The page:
Background: Mutations in are rare oncogene mutations, found in 2% of non-small-cell lung cancers (nsclcs). Little information is available about the management of patients with mutated nsclc, except for those included in clinical trials. We undertook the present study to assess the clinical characteristics, management, and outcomes of those patients in a real-life setting.
Methods: This retrospective multicentre observational study included all patients with mutated nsclc diagnosed between January 2012 and December 2014.
Results: Patients ( = 59) from 24 centres were included: 57.6% men; mean age: 64.5 ± 14.5 years; 82% with a performance status of 0-1 at diagnosis; smoking status: 40.3% current, 32.6% former; 93% with adenocarcinoma histology; 75% stage iv; 78% with V600E mutations; 2 with and 2 with co-mutations. Of the stage iv patients, 79% received first-line therapy (14.2% anti, and 48% received second-line treatment (23.8% anti Response rate and progression-free survival were, respectively, 51.7% and 8.7 months [95% confidence interval (ci): 6.4 months to 15.2 months] for first-line therapy and 35.3% and 4.1 months (95% ci: 2 months to 10.9 months) for second-line treatments. The 2-year overall survival was 58.5% (95% ci: 45.8% to 74.8%). Outcomes in patients with stage iv nsclc harbouring V600E mutations ( = 32) did not differ significantly from those of patients with other mutations.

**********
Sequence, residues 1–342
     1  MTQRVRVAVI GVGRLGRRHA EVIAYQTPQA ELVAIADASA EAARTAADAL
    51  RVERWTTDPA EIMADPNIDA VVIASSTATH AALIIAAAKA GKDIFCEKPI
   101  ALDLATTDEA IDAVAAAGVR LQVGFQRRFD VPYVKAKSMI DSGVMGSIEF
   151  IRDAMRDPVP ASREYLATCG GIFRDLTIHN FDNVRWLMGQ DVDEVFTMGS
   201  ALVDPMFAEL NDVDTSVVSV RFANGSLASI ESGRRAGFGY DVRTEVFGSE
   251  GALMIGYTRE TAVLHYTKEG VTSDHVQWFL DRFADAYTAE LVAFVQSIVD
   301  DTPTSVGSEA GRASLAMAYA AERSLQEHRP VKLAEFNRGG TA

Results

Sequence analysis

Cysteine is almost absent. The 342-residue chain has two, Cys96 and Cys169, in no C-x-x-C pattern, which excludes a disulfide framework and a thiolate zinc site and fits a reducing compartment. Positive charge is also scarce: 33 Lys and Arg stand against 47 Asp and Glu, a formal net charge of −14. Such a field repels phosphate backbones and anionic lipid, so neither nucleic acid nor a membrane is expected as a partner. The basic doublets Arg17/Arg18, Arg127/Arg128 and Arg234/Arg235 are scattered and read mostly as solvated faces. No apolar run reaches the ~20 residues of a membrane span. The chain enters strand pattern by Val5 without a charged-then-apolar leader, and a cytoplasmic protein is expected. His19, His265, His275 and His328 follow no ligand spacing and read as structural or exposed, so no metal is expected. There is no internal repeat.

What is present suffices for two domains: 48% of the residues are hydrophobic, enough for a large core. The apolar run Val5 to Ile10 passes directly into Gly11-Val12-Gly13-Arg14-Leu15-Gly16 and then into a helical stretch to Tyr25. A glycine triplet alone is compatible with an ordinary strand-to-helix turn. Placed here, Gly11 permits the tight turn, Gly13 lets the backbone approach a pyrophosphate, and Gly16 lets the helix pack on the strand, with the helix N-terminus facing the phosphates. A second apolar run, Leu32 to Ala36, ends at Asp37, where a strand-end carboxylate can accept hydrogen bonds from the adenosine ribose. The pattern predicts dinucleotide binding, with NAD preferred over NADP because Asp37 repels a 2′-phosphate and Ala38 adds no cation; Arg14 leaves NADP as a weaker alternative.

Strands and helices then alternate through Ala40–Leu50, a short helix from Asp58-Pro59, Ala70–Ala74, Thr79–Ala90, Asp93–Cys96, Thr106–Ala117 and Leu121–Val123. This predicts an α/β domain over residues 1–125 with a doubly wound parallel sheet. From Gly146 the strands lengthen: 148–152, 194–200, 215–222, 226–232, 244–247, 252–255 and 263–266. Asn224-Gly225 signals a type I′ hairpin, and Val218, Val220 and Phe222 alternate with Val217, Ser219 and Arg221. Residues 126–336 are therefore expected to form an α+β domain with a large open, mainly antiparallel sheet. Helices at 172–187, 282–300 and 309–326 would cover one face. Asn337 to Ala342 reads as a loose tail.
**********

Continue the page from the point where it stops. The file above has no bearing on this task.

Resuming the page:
Conclusions: In this real-world analysis, most nsclc patients with a mutation were men and current or former smokers. Survival appears to be better in these mutated patients than in nsclc patients without an oncogenic driver.